Khashoggi killing: Turkey vows to reveal ‘truth’ on Saudi critic’s death

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CCTV footage shows missing Saudi journalist Jamal Khashoggi entering the Saudi consulate in Istanbul

Turkey has vowed to reveal all details about the killing of journalist Jamal Khashoggi, after Saudi Arabia admitted for the first time he had been killed in its consulate in Istanbul.

“Turkey will never allow a cover-up,” a ruling party spokesperson said.

Saudi Arabia suggested on Friday Mr Khashoggi, a prominent Saudi critic, had died in a “fist fight”.

Turkish officials previously said he had been deliberately killed inside the consulate, and his body dismembered.

Earlier this week, unnamed Turkish officials told media outlets they had audio and visual evidence to prove this.

The Saudi kingdom has come under intense pressure to explain Mr Khashoggi’s disappearance after he entered the Istanbul consulate on 2 October to seek paperwork for his forthcoming marriage. Until Friday, it had denied knowledge of his whereabouts and insisted he had left the building alive.

Turkish police and prosecutors have been searching the consulate as well as the consul’s residence this week for evidence of what unfolded. On Friday they widened their search to a nearby forest, where unnamed officials believe his body may have been disposed of.

The kingdom says a fight broke out between Mr Khashoggi, who had fallen out of favour with the Saudi government, and people who met him in the consulate – ending with his death.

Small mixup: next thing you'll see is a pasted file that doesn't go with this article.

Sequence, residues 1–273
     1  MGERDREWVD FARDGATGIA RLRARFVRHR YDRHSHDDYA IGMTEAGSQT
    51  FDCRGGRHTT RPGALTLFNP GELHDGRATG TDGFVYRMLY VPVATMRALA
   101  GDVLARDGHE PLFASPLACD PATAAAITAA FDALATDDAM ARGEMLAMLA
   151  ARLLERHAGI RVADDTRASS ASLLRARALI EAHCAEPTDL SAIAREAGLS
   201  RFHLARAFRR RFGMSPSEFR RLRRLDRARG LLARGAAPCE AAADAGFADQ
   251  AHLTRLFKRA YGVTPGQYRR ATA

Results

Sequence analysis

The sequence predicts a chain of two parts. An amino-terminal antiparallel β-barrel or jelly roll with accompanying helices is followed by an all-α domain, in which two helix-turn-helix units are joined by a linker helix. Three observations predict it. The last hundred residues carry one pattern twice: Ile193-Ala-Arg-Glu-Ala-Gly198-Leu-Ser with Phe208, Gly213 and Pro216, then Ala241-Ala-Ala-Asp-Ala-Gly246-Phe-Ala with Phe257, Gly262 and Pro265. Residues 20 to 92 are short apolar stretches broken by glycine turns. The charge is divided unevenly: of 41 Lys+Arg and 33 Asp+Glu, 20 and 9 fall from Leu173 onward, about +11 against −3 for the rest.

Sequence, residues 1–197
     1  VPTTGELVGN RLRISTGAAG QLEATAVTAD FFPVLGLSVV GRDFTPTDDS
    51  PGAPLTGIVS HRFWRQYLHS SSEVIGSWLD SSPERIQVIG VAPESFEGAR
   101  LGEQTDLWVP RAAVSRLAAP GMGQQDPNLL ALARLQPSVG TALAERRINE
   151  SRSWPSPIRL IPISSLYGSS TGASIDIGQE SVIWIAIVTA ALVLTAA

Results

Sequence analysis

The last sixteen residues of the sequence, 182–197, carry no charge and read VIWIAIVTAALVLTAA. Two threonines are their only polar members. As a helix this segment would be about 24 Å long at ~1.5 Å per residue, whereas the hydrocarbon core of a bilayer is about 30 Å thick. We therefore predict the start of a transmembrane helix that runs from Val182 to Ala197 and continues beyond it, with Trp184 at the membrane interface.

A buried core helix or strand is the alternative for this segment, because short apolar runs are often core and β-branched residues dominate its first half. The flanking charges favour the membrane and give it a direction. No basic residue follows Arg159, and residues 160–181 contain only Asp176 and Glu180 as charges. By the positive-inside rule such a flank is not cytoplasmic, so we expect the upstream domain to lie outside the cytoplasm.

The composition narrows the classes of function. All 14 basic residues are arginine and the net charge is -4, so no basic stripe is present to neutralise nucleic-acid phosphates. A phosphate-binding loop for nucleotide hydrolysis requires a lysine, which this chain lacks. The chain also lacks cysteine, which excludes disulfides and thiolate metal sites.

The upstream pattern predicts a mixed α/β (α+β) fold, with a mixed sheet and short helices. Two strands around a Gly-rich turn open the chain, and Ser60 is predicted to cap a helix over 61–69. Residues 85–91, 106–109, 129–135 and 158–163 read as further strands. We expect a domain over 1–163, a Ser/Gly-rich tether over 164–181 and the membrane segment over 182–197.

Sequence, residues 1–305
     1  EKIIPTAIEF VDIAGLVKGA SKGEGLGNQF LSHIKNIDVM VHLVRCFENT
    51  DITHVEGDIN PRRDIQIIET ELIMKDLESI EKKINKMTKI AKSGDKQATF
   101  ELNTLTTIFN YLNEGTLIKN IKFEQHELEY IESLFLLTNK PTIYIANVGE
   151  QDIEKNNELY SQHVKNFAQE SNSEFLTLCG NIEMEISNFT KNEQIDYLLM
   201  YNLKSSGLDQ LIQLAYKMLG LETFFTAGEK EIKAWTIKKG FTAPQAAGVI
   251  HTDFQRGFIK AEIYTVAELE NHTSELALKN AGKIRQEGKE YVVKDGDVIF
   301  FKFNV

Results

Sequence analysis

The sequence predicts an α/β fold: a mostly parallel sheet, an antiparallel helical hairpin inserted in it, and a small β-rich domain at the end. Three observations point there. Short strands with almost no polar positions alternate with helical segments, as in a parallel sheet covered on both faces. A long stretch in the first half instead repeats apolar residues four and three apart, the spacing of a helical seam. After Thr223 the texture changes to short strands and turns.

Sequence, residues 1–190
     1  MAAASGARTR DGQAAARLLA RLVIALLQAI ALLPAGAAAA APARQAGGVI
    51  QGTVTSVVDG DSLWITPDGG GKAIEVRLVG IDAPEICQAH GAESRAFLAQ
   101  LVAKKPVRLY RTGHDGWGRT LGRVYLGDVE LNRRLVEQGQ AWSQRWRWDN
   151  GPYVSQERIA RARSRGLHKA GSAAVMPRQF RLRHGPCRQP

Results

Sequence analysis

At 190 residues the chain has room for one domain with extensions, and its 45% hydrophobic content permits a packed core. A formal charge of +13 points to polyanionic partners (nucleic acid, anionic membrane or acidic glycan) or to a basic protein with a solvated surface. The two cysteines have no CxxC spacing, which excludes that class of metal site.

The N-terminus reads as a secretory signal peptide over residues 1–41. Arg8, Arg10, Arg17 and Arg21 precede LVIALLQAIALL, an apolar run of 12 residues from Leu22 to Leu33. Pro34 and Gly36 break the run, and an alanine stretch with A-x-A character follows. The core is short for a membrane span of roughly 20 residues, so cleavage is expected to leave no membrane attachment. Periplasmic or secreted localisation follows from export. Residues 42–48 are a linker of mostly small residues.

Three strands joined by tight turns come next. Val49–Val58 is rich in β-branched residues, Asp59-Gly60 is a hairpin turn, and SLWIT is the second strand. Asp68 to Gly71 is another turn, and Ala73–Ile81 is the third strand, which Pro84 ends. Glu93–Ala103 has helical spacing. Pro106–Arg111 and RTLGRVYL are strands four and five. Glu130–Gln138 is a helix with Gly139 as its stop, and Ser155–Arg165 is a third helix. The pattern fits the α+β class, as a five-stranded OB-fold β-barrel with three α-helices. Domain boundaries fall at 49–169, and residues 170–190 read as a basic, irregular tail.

It says investigations are under way, and so far 18 Saudi nationals have been arrested.

Unnamed officials speaking to Reuters news agency and the New York Times say the Saudis did not know the whereabouts of the body after it was handed to a “local collaborator” to dispose of.

In addition to the arrests, two senior officials have been sacked over the affair – deputy intelligence chief Ahmad al-Assiri and Saud al-Qahtani, senior aide to Crown Prince Mohammed Bin Salman.

The Saudi authorities have yet to give evidence to support this version of events.

Observers are questioning whether Saudi Arabia’s Western allies will find their account of a “botched rendition” convincing – and whether it will persuade them not to take punitive action against them.

US President Donald Trump said what had happened was “unacceptable” but that the arrests were an important “first step”. The UK Foreign Office said it was considering its next steps after hearing the report.

“Turkey will reveal whatever had happened,” said Omer Celik of Turkey’s ruling AKP party, according to Anadolu news agency.

“Nobody should ever doubt about it. We are not accusing anyone in advance but we don’t accept anything to remain covered [up].”

Publicly Turkey has so far stopped short of blaming Saudi Arabia for the killing.

Turkish investigators, however, say they have audio and video evidence which shows Mr Khashoggi was killed by a team of Saudi agents inside the consulate and dismembered. Reports in Turkish media this week gave gruesome details of what are said to be his final minutes.

Turkish media said earlier this week they had identified a 15-member team of suspected Saudi agents who flew into and out of Istanbul on the day of the disappearance.

Turkish President Recep Tayyip Erdogan spoke to Saudi King Salman on Friday evening, and the two agreed to continue co-operating in the investigation. (Excerpts from BBC)

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